"Digital" algorithms assign one of several pre-determined discrete power states to each server. They select which machines should be off, idle, or in use, particularly for workloads that fully utilize the processors. They could also leverage the detailed relationship between server utilization and power consumption to allow few discrete utilization states. Additionally, a well-ordered digital algorithm will create a list of servers sorted by their "desirability"; the list ordering is fixed for a given cooling configuration, but does not change for different data center utilization levels. Therefore, if data center utilization jumps from 50% to 60%, the servers selected for use at 50% are a proper subset of those selected at 60% utilization. Well-ordered algorithms simplify the process of integrating cooling-aware features with existing components such as SGE [4] or LSF [3], allowing us to use common mechanisms such as scheduling priorities. For example, SGE allows the administrator to define arbitrary "consumable" resources and simple formulas to force the scheduler to consider these resources when performing workload placement; modifying these resource settings is only necessary after a calibration run.
In this paper, we focus on algorithms that address the problem of discrete power states. We specifically focus on compute-intensive batch jobs such as multimedia rendering workloads, simulations, or distributed computation run for several hours [5]. These jobs tend to use all available CPU on a server, transforming the per-server power budgets available to a data center scheduler from a continuous range of [ Poff, Pmax ] to a discrete set of power states: { Poff, Pidle, P1, , PN }, where Pj is the power consumed by a server fully utilizing j CPUs. Additionally, they also provide sufficient time for the thermal conditions in the room to reach steady-state. If additional power states are considered, Section 5 discusses how our algorithms scale in a straightforward manner.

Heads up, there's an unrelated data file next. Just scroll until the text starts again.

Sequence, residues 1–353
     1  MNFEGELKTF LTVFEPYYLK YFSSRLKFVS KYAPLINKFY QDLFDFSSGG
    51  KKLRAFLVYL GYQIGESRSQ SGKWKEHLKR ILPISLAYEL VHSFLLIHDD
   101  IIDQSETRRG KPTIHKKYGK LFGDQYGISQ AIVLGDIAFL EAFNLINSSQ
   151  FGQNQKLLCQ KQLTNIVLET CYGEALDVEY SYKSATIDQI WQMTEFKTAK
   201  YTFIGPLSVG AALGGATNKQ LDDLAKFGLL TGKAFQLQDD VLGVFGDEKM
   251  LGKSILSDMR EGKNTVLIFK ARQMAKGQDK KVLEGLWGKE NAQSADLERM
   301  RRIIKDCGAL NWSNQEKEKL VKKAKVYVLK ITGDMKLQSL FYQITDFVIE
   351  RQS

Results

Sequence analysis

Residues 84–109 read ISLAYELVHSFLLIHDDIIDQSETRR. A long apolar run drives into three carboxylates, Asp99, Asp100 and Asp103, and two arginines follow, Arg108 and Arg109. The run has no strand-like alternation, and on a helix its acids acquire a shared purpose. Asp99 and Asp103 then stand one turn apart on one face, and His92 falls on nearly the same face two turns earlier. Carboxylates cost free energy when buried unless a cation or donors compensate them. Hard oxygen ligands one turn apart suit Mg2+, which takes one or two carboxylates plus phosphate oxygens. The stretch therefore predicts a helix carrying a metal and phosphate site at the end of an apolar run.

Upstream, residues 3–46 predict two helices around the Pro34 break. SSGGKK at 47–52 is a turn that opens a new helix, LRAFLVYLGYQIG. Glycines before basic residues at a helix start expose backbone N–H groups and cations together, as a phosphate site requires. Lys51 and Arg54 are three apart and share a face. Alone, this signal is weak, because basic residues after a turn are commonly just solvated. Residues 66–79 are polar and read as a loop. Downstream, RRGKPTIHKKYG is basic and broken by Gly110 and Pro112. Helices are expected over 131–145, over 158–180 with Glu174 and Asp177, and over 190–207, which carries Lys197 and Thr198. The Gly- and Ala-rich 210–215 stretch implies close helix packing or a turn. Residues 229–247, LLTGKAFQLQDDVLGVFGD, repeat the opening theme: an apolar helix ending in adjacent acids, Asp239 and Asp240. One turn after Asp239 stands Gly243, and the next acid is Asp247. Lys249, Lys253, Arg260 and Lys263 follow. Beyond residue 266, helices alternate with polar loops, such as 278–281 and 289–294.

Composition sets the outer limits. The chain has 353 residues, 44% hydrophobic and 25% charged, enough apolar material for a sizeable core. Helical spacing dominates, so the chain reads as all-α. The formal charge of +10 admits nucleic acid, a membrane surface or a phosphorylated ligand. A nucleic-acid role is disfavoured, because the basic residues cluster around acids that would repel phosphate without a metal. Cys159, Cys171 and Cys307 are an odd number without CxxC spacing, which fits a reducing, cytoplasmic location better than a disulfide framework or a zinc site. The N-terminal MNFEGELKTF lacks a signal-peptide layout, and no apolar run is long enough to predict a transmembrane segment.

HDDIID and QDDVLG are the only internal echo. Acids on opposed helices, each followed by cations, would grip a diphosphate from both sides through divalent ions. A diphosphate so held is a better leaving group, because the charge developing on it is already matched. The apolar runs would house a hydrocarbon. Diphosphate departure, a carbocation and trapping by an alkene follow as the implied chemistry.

3.3  Baseline Algorithms

We use three reference algorithms as a basis for comparison.
UniformWorkload and CoolestInlets
The first algorithm is UniformWorkload, an "intuitive" analog algorithm that calculates the total power consumed by the data center and distributes it evenly to each of the servers. We chose this algorithm because, over time, an algorithm that places workload randomly will approach the behavior of UniformWorkload. Each server in our data center consumes 150 Watts when idle and 285 Watts when at peak utilization. Thus, a 40% UniformWorkload will place ((285 - 150) ·0.40) + 150 = 204 Watts on each server.
The second baseline algorithm is CoolestInlets, a digital algorithm that sorts the list of unused servers by their inlet temperatures. This intuitive policy simply places workload on servers in the coldest part of the data center. Such an algorithm is trivial to deploy, given an instrumentation infrastructure that reports current server temperatures.
The last policy is OnePassAnalog, an analog reprovisioning algorithm based on the theoretical thermodynamic formulation by Sharma et al [27], modified with the help of the original authors to allocate power on a per-server basis. The algorithm works by assigning power budgets in a way that attempts to create a uniform exhaust profile, avoiding the formation of any heat imbalances or "hot spots". A data center administrator runs one calibration phase, in which they place a uniform workload on each server and observe each server's inlet temperature. The administrator selects a reference { power, outlet temperature } tuple, { Pref, Toutref }; this reference point can be one server, or the average server power consumption and outlet temperature within a row or throughout the data center. With this tuple, we calculate the power budget for each server: